Addressing the severe shortage of eye care workers in Uganda…
The prevalence of blindness in Uganda is estimated at 1%, and 75% of this is avoidable. The most common cause is cataract (50%) followed by trachoma and other corneal scarring (30%), and glaucoma (10%). Infections, malnutrition, injuries and lack of eye care services in rural communities also give rise to a high proportion of blindness particularly in rural communities.
One of the main barriers to the uptake of eye care services is a severe shortage of eye care personnel. In Uganda, eye care services are provided by fewer than 50 Ophthalmologists and Cataract Surgeons, most of whom live in major towns and cities. The national ratio of Ophthalmologists is estimated to be one per 852,000 people, but it is as low as 1 per 3.7 million in the north of Uganda. The majority of Ophthalmologists continue to work in the major towns, with almost half of Uganda’s Ophthalmologists based in Kampala. Ophthalmic Clinical Officers (OCOs) generally work in the district hospitals and rural health centres, thus training and deploying eye care professionals, particularly mid-level paramedics and community based workers, is crucial to ensure the availability of quality eye care in rural areas.
To address the critical need for more mid-level eye care professionals across Uganda, Sightsavers has been working with the Jinja Training School in Uganda to support its Ophthalmic Training Programme. The Chalker Foundation agreed to fund the development of 15 Ophthalmic Clinical Officers in 2010.
The long term aim of the Ophthalmic Training Programme is to support the National Plan for the Prevention of Blindness in Uganda has at least one Ophthalmic Clinical Officer to screen, diagnose and treat many eye diseases and effectively manage local eye care services. Jinja Hospital, where the Jinja Training School is based, is one of 13 tertiary hospitals in Uganda. Each trainee spends one year here, having been carefully selected for the course according to the need and evidence of commitment to eye care by the district that they are based in and return to.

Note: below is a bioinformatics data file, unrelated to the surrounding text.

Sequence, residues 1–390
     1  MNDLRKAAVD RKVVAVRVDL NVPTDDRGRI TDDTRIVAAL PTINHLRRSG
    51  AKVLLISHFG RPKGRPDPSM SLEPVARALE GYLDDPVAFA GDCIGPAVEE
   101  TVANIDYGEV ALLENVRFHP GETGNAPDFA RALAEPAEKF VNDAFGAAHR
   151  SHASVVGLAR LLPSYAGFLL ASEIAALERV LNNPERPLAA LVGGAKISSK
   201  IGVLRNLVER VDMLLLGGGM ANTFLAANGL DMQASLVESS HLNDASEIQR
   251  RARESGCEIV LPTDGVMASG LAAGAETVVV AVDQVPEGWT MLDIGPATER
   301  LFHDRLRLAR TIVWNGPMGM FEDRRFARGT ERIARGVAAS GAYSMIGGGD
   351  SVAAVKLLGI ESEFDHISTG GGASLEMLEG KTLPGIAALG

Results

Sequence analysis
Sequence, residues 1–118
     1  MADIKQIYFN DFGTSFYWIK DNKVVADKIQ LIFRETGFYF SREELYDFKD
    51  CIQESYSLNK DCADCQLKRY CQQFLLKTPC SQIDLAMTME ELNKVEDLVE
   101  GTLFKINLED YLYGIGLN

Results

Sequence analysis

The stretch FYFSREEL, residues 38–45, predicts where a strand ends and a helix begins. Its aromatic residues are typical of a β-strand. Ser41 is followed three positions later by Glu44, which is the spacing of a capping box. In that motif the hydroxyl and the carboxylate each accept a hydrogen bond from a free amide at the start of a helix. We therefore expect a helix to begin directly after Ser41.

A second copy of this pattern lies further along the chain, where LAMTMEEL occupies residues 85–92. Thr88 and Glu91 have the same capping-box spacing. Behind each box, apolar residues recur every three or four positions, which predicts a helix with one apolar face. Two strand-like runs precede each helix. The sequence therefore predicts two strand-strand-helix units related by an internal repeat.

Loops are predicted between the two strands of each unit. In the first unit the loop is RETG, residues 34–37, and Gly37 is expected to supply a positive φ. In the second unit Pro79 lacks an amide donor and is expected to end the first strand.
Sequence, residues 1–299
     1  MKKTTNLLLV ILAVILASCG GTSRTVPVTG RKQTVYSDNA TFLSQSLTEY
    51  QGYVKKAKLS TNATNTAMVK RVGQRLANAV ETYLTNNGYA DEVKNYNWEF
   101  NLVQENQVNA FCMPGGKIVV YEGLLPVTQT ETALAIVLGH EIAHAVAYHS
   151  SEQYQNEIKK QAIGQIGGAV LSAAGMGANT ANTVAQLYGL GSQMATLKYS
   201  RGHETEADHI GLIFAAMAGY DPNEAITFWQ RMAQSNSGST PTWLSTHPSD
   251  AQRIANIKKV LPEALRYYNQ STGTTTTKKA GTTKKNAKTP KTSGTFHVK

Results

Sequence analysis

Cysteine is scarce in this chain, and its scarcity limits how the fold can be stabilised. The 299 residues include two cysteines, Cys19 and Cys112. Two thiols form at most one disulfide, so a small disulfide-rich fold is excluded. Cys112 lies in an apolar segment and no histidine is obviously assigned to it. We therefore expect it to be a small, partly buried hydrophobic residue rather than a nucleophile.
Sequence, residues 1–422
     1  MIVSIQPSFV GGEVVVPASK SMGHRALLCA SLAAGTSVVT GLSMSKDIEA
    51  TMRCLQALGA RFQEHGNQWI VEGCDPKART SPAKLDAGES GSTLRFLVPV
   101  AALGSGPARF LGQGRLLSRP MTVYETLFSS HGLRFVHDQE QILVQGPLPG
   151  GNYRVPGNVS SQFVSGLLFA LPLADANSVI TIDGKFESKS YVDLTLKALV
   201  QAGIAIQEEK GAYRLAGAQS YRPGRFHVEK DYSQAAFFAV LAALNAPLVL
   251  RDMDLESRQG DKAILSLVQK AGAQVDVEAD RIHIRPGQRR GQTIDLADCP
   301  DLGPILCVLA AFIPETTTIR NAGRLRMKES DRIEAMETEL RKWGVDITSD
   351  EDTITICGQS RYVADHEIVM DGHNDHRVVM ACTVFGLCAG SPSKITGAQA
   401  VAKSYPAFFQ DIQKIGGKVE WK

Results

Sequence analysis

We decided to focus on these mid-level eye care workers so that eye care can be delivered to large numbers of people while at the same time allowing surgeons to concentrate on more complex cases. The OCOs also present a unique opportunity for expanding health services to rural populations by collaborating with other community-based workers to ensure that health promotion, prevention and primary eye care are integrated into primary health care at community level. For example, OCOs can be involved with community-based activities such as trachoma control, school screenings and community-directed distribution of Mectizan® (the drug to control river blindness), allowing them to bring their eye care services closer to people in rural communities. The OCOs also form a pool from which cataract surgeons, optical assistants, health educationalists or low vision specialists can be trained. There is a shortage of all of these eye care workers in Uganda, so it is important to build the capacity of professionals to work across these areas.
“I was working as a registered nurse in the eye department at the hospital since 1998, and had worked in different wards at the same hospital before then. I was interested in the course because I just wanted to help in preventing blindness where possible, and to educate people about how to prevent blindness “
– Justine Negas, OCO Trainee (January 70)